Dr. Dattaraya Mahadev Nadkarni (since deceased) by his L.Rs v. Municipal Corporation of Greater Bombay
Dr. Dattaraya Mahadev Nadkarni (since deceased) by his L.Rs
Municipal Corporation of Greater Bombay
(Supreme Court Of India)
Civil Appeal No. 321 Of 1979 | 07-02-1992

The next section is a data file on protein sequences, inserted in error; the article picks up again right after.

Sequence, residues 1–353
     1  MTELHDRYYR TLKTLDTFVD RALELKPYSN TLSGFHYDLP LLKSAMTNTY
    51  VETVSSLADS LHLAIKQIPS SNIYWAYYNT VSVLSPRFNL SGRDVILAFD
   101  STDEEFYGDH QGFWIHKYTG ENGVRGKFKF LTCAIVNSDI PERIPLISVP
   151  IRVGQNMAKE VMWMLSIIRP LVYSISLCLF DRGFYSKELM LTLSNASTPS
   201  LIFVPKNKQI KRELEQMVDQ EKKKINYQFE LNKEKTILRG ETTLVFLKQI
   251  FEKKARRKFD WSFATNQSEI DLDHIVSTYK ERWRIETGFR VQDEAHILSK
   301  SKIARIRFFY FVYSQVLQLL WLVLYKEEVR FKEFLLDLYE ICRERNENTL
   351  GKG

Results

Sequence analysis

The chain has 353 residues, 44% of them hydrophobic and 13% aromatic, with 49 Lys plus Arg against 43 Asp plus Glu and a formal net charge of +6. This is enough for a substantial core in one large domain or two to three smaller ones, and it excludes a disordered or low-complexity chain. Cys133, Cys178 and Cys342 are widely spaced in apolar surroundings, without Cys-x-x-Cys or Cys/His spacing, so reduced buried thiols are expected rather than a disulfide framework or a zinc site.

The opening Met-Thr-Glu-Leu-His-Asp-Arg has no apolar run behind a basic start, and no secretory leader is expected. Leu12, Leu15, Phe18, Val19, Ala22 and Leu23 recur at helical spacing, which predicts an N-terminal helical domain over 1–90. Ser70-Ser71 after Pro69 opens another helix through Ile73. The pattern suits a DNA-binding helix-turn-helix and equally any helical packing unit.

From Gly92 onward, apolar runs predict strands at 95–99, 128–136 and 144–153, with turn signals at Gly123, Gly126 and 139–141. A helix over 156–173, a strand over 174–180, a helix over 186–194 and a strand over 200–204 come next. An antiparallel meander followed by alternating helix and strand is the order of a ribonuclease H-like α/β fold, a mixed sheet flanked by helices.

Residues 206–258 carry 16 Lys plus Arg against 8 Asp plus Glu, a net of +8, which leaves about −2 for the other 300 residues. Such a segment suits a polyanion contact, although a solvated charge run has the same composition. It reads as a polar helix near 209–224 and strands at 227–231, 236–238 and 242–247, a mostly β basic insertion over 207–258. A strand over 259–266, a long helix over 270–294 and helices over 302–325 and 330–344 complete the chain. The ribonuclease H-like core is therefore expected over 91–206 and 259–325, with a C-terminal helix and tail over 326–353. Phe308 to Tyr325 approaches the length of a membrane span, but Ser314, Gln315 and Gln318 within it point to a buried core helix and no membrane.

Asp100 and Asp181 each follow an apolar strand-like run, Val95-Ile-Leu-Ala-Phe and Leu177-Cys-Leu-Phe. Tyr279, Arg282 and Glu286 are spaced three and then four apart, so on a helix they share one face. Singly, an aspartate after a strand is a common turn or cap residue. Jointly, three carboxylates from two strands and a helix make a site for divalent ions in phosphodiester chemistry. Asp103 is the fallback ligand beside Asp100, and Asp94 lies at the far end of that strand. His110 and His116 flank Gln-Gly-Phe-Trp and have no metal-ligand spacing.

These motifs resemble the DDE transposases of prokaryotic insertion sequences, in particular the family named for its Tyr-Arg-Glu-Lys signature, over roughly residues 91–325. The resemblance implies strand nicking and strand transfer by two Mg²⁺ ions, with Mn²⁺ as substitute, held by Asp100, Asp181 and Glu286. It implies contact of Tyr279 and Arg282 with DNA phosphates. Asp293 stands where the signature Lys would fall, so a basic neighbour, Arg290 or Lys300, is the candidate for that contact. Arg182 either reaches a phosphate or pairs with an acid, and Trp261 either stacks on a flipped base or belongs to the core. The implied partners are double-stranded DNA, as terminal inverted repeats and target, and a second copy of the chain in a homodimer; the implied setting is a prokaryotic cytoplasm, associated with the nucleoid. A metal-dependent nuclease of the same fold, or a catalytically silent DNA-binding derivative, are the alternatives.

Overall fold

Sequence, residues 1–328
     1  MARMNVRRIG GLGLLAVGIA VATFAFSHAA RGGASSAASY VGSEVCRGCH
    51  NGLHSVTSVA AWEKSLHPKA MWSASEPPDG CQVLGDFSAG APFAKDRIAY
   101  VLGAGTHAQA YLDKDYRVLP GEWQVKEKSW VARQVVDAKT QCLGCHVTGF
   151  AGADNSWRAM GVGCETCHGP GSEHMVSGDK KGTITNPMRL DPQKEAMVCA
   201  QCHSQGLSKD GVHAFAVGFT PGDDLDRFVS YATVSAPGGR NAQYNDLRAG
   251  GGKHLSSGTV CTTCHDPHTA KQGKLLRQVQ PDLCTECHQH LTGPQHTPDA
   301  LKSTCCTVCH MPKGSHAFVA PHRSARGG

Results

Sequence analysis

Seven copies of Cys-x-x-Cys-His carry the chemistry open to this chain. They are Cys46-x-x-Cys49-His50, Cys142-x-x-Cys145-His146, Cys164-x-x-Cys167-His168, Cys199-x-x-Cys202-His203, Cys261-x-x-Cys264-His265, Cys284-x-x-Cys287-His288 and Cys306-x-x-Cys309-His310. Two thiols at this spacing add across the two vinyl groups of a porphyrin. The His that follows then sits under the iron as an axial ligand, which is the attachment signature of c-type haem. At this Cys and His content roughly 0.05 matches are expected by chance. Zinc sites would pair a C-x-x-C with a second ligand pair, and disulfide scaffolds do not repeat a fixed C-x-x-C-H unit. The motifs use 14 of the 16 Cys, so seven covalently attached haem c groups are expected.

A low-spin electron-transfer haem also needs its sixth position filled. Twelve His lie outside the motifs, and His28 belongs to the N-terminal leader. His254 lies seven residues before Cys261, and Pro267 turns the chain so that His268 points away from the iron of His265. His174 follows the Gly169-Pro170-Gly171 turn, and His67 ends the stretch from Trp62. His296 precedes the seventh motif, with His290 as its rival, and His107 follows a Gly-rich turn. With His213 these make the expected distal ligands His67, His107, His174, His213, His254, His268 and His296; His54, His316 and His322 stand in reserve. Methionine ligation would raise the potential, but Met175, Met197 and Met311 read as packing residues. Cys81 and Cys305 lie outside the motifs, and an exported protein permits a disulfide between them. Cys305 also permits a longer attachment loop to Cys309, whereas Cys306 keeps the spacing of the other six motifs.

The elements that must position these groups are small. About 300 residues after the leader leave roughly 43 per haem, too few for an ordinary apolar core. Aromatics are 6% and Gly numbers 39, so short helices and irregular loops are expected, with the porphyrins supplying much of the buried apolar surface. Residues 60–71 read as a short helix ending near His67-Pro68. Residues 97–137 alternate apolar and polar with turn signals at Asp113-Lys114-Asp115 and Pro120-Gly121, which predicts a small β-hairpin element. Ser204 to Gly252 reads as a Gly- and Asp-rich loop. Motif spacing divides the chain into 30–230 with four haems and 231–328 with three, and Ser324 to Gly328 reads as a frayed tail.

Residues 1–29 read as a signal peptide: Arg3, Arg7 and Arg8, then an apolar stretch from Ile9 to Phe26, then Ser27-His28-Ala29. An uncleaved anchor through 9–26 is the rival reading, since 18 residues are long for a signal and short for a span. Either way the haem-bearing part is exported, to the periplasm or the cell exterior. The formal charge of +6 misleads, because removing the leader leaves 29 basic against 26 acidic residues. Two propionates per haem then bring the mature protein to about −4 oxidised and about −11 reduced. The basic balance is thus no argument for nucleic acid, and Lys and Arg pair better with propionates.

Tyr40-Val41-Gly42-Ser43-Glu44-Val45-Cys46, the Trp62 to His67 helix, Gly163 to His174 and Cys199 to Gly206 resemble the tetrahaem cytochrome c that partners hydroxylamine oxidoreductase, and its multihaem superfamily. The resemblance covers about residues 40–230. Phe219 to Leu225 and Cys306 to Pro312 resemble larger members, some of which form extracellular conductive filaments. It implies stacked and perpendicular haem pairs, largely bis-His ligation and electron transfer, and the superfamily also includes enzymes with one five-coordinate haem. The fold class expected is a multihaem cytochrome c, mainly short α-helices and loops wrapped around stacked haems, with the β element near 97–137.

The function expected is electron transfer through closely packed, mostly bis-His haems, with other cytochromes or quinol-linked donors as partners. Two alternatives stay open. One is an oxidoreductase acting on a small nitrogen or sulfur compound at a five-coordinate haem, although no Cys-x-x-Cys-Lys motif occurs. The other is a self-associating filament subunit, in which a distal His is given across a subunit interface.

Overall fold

1. This appeal by special leave is directed against the judgment of the Bombay High Court dated 30th June, 1977. It is not necessary to mention the facts in detail, as this appeal succeeds on a short point. Dr. Dattaraya Mahadev Nadkarni (since deceased) (hereinafter referred to as the `appellant') was employed as Medical Assistant in the Municipal Corporation of Greater Bombay. He was served with a charge-sheet dated 5.7.1961. The charges levelled against him were that while suspended from duty from 2.11.1960 he failed to give charge of the Registers of International Health Certificates issued in 1957, 1958, 1959 and upto March 1960. Inspite of thorough search the registers of the above certificates were not found in the dispensary. The appellant was thus guilty of negligence (1) for the loss of the Registers, and (2) for not giving proper charge of the dispensary. The Deputy Municipal commissioner (Labour) agreeing with the report of the Inquiry Officer, issued a show-cause notice to the appellant holding that the charges mentioned in the charge-sheet were proved against the appellant. The appellant was directed to show-cause as to why he should not be dismissed from municipal service for the charges proved against him. Thereafter by order dated 26.2.1962 the acting Municipal Commissioner imposed the punishment of removal from service on the delinquent i.e. the appellant. The order of dismissal was confirmed by the Appellate Authority on 18.5.1962. The appellant after serving a statutory notice, filed a civil suit challenging the aforesaid order of dismissal. It was prayed hat all the orders of suspension, dismissal and appellate order be declared ultra vires, illegal and inoperative and the defendants be directed to reinstate the appellant in service with full back wages. It was also prayed that a decree for a sum of Rs. 11,314.55 towards the arrears of salary upto the date of suit and further salary and attendant benefits from the date of suit till reinstatement be passed. The suit was contested by the Municipal Corporation of Greater Bombay. The suit was dismissed by the trial Court and the appeal filed before the High Court was also dismissed. The appellant has come to this court in appeal.